The novel coronavirus, COVID-19, has impacted nearly every industry, and the cannabis industry is no exception. As the United States economy continues to experience instability and uncertainty, cannabis companies face increasingly difficult challenges, particularly since the legal cannabis industry remains in flux in most states. Some hemp and cannabis business owners have continued operations as usual, while others have closed their doors completely. It is difficult to navigate the cannabis industry during these stressful and unprecedented times, but cannabis lawyers are able to provide experienced counsel and support as needed. Below, we discuss four critical actions cannabis businesses should consider amidst the COVID-19 threat.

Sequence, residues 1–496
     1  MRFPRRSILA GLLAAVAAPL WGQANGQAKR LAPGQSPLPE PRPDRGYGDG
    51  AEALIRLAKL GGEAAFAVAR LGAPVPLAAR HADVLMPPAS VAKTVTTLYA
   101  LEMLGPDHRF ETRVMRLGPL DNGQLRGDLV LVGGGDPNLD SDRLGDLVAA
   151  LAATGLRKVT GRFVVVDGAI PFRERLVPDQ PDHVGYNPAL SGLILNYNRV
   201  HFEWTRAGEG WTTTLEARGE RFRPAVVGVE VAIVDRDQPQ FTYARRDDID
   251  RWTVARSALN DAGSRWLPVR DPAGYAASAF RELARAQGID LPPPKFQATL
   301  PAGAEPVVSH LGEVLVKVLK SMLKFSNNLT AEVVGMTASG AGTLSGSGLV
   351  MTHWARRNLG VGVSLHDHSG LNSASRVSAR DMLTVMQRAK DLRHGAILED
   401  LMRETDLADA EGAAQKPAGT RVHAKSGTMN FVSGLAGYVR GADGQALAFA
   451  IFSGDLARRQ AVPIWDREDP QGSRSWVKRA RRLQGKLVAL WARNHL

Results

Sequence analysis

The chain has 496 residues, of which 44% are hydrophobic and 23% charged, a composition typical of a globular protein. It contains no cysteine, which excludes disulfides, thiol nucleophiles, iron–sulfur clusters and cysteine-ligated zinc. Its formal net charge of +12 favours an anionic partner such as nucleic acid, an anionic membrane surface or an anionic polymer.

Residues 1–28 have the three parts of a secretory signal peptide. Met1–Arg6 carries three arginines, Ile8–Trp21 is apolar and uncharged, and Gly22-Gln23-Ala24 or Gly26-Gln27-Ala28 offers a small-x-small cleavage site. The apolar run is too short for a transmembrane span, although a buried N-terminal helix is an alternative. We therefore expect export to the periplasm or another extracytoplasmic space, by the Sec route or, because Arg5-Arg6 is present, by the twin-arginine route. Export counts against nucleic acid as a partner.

One day, the global pandemic surrounding the coronavirus will end, and countries and states will reopen. The question on every business owner’s mind, however, is when this will happen. Both small businesses and massive corporations are struggling through this global humanitarian and economic crisis, and there are a lot of unknowns about the future after this pandemic runs its course. Companies struggling to survive this crisis may wonder what their future will look like and how they can recover. The team at Dallas law firm, Ritter Spencer, is here to advise and support business owners as they work to strengthen their company after the coronavirus.
Rent is generally due at the first of the month. Many landlords are undoubtedly concerned that their clients will not pay rent this month and for good reason. The country has unprecedented numbers of unemployed individuals, and many businesses are closed, from restaurants and bars to after-school programs and malls. Government programs have been enacted, but the money from those programs will take at least a few weeks to be paid to individual and commercial tenants. Dallas-based lawyer,David Ritter, explains what this means for landlords and tenants in Texas.